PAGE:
Watchdog: Government has no grip on £15bn of payment-by-results schemes

Report by the NAO says departments have often failed to set out rationale for use of payment-by-results mechanisms

By Colin Marrs

18 Jun 2015

The government cannot demonstrate the value of up to £15bn of public spending on payment-by-results (PbR) schemes, the National Audit Office has concluded.

In a report released today, the spending watchdog said that neither the Cabinet Office nor the Treasury is currently monitoring how such mechanisms are working.

It said that without such an evidence base, PbR schemes may be poorly designed and implemented, and that departments could be “reinventing the wheel” for each new scheme.

“Payment by Results potentially offers benefits such as innovative solutions to intractable problems," said Amyas Morse, head of the National Audit Office. "If it can deliver these benefits, then the increased risk and cost may be justified, but this requires credible evidence. Without such evidence, commissioners may be using this mechanism in circumstances to which it is ill-suited, to the detriment of value for money.”

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The NAO reported on a number of PbR schemes including welfare-to-work, family support, offender rehabilitation and international aide.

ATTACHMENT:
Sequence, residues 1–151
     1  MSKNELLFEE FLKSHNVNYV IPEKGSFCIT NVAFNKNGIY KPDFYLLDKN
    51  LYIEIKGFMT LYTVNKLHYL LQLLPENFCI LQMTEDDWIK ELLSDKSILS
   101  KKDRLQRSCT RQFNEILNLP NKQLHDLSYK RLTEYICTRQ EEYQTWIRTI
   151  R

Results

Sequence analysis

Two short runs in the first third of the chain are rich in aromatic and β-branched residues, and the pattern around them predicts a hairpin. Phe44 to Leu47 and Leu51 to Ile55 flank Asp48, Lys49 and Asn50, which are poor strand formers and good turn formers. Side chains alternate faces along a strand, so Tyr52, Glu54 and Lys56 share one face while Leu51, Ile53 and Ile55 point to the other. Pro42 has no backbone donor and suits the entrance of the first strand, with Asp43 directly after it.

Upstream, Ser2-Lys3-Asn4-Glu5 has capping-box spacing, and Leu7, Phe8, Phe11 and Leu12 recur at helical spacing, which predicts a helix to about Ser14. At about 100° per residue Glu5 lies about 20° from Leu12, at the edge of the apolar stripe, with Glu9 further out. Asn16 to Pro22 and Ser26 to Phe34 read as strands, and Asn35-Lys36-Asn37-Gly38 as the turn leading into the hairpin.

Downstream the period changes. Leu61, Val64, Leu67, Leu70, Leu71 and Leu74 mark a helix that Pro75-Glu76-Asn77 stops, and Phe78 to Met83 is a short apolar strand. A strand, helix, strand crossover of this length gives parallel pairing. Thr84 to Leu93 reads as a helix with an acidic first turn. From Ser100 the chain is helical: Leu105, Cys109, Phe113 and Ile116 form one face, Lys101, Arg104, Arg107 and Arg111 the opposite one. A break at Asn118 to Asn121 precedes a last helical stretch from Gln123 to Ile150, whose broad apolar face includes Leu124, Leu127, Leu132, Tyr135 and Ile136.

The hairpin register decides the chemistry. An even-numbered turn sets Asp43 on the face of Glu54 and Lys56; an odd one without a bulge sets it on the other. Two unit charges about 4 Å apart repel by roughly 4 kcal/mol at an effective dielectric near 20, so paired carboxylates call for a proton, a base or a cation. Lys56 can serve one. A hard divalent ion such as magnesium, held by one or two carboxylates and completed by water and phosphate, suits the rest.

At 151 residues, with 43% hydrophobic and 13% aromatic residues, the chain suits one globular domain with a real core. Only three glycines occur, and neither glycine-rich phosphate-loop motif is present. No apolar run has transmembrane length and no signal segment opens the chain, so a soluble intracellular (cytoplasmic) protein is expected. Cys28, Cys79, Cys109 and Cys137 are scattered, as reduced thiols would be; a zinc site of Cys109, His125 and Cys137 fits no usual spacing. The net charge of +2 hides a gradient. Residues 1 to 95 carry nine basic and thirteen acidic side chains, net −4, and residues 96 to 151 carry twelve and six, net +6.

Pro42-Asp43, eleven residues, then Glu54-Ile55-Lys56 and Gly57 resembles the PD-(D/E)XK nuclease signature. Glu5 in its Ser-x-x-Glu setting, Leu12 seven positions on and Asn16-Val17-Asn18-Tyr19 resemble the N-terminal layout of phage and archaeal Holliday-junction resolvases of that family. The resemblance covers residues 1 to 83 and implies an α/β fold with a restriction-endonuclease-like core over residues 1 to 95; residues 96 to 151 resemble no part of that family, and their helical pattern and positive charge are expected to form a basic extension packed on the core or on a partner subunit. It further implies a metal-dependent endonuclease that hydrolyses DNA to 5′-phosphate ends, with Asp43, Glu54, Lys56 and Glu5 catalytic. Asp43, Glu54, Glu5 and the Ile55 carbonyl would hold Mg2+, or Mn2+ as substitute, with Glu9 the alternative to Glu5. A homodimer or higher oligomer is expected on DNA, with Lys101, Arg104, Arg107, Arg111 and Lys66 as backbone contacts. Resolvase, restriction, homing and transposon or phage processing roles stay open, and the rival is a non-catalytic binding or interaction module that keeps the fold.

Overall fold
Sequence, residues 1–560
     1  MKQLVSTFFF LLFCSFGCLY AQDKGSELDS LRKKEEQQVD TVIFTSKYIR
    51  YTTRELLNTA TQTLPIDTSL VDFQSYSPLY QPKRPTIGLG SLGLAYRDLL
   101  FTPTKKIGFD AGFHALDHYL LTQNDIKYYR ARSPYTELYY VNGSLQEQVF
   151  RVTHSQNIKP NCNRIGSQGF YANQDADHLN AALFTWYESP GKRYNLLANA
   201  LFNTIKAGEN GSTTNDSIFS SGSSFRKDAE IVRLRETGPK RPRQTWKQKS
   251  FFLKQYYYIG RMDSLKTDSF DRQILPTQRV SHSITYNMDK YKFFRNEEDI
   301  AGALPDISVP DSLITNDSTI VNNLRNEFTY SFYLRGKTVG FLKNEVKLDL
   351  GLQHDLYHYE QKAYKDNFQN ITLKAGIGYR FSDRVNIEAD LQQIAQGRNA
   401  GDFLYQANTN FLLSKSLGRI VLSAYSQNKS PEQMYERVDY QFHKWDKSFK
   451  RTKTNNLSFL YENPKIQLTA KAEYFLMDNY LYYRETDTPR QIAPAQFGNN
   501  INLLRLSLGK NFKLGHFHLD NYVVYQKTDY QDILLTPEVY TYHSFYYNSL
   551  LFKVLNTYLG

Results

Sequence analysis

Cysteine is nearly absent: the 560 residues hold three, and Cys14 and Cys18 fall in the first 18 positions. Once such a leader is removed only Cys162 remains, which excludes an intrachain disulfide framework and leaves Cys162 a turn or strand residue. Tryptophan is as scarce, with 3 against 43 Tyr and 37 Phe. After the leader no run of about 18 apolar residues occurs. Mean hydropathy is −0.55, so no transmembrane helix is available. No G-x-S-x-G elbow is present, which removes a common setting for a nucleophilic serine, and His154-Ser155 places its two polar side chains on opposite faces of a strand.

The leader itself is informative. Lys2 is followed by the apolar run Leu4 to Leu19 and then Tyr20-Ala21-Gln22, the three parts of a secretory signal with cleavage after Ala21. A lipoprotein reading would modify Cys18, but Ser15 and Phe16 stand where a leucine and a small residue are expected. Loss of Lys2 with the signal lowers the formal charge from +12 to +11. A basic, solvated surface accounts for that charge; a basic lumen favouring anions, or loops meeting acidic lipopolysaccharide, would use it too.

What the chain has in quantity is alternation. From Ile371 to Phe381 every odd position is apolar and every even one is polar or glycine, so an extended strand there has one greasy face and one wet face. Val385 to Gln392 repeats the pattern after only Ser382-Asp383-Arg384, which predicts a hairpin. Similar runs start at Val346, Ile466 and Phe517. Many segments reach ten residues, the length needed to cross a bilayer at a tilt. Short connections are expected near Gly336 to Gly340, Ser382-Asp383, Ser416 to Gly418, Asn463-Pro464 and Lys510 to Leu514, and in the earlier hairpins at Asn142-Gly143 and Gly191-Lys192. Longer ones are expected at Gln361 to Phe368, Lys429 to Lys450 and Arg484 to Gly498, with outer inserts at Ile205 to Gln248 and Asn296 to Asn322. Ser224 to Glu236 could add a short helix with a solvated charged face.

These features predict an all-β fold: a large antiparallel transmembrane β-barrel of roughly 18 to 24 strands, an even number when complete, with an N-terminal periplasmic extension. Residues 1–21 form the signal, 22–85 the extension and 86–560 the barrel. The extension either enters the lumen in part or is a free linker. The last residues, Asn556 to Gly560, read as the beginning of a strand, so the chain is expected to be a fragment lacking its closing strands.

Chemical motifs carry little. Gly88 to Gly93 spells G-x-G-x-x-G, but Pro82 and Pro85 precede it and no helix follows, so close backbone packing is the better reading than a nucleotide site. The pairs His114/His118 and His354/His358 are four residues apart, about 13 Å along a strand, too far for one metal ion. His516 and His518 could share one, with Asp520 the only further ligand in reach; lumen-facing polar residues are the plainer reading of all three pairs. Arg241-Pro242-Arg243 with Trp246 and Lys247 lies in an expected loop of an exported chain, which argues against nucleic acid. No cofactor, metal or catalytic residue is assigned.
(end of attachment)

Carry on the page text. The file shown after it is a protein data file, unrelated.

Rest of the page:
It identified 52 PbR schemes across six central government departments worth a total of at least £15bn.

The schemes are operated by the Department for Work & Pensions, Ministry of Justice, Department for Communities and Local Government, Department for International Development, Department for Education, Department of Health and their related bodies.

The NAO concluded that the mechanism is a “technically challenging” form of contracting, which carries costs and risks that the government has often underestimated.

Despite this, it said that commissioning departments have often failed to explain why they have chosen to use PbR.

According to the report, poorly designed schemes can create perverse incentives leading providers to neglect groups which are harder to help.

It recommended that commissioners should establish performance expectations at the start of PbR schemes and actively monitor and manage provider performance.

A Cabinet Office spokeswoamn said the department would "learn lessons" from the report, but defended the use of the mechanism.

"Payment-by-results can of course improve our public services because taxpayers ultimately only pay for what is achieved, raising efficiency and providing value for money for the taxpayer," she said.

Public and Commercial Services union general secretary Mark Serwotka said the NAO's findings showed that "that all too often private companies are being rewarded for failure without proper scrutiny".

He added: "The fact the Cabinet Office and Treasury didn't know how much we're spending on these schemes is deeply concerning, and the public can't have any confidence that the delivery of public services isn't being compromised by ideology."

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